Author Dale Neal, "Appalachian Book of the Dead" in Conversation with Evan Williams
Dale Neal, Appalachian Book of the Dead
in conversation with Evan Williams
Thursday, October 17, 7pm
Join us tonight to hear Dale Neal, author of Appalachian Book of the Dead, in conversation with poet and author Evan Williams.
AN ETHEREAL TALE OF HUNGRY GHOSTS
A psychopathic killer disappears into the mountains and haunts the troubled residents. After the murderous Angel Jones escapes from a prison work crew, he mysteriously vanishes deep into the North Carolina woods forcing newcomers Cal and Joy McAlister to deal with his macabre presence lingering in the secluded forest. Burdened with grief, guilt, and unfilled dreams, Cal and Joy are joined by an oddball handyman and a young detoxing neighbor as they grapple with the enigma of Angel’s menacing specter. Each of them brings their private ghosts to live and gives their worst fears flesh. This Southern Gothic tale blends ancient metaphysics with tantalizing thrills to make readers keenly aware of the wonders and woes of the world.
For Dale Neal, a veteran journalist and writing teacher, compelling fiction requires friction. He writes stories sparked by the spectrum of the human experience from humor to horror, tears to laughter, and hope to heartbreak. A practicing Buddhist and North Carolina native, Dale is the author of two previous novels, "The Half-Life of Home" and "Cows Across America," winner of the Novello Literary Award.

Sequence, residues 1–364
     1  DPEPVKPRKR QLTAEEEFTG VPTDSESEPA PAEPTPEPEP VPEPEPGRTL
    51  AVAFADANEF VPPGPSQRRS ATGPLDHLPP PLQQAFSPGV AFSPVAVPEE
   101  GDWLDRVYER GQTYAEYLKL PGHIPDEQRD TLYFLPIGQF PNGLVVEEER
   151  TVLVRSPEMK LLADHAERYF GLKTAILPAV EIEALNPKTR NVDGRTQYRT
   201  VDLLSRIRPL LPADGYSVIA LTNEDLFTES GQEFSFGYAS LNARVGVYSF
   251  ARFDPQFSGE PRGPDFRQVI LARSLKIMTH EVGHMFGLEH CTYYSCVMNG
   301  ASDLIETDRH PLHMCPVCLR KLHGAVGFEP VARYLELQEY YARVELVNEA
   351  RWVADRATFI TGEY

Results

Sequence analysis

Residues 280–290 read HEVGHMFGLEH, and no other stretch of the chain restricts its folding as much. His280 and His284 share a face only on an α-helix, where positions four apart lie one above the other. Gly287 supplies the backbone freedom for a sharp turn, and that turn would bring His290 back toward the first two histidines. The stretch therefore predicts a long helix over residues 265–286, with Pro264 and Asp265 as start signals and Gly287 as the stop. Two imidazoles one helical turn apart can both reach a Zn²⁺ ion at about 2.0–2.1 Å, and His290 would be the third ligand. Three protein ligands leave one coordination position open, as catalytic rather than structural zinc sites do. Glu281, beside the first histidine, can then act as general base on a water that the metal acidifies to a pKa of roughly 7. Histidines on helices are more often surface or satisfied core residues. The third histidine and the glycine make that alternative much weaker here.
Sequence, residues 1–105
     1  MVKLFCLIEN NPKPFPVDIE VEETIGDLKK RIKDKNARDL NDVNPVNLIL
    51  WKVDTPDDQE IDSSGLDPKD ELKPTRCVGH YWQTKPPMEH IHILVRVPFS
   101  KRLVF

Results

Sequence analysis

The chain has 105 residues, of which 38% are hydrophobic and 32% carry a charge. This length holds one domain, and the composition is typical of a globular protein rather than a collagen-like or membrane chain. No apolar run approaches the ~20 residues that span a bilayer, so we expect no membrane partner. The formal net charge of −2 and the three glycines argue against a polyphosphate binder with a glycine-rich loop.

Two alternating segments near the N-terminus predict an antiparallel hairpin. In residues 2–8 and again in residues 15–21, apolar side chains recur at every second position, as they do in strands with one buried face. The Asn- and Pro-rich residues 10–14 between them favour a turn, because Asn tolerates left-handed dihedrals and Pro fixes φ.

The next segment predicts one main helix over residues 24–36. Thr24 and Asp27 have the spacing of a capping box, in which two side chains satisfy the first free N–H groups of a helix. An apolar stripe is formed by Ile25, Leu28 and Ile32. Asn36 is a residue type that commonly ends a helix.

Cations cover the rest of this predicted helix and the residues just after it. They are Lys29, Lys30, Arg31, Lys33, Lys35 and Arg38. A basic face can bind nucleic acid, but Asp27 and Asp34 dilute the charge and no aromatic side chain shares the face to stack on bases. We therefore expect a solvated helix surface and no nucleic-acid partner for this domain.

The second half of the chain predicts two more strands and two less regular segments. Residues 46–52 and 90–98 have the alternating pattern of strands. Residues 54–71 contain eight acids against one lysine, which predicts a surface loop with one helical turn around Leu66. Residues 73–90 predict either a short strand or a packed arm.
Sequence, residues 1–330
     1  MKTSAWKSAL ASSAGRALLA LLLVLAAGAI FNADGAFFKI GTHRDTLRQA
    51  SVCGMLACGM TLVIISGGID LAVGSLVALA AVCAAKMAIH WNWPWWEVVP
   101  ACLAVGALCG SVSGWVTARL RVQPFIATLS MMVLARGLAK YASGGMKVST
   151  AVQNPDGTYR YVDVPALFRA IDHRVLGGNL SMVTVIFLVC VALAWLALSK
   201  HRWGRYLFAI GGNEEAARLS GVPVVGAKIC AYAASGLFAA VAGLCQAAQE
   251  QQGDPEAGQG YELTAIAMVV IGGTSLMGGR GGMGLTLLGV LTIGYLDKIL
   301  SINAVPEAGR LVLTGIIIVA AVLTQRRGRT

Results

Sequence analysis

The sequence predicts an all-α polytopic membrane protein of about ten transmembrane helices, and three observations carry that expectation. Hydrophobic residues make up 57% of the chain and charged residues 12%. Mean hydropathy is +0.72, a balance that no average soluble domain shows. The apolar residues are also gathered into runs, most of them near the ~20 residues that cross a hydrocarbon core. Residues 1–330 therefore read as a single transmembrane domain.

Evan Williams entered his first writing competition in sixth grade, a county-wide agricultural conservation essay contest, and won second place along with a nifty plaque. For Evan, writing is his repayment of gratitude to every author who has inspired him to dream beyond what his eyes can see. His memoir, One Apple at a Time, received the Willie Parker Peace Award for state history from the North Carolina Historical Society. Prior to America's Revolutionary War, Evan's ancestors settled in the Blue Ridge range of the Appalachians, where he remains today. Ripples draws heavily on his family's multi-generational apple-growing business. Surrounded by orchard, Evan writes from within a former apple-storage shed-the same shed where he would steal away as a boy to enjoy quality reading time.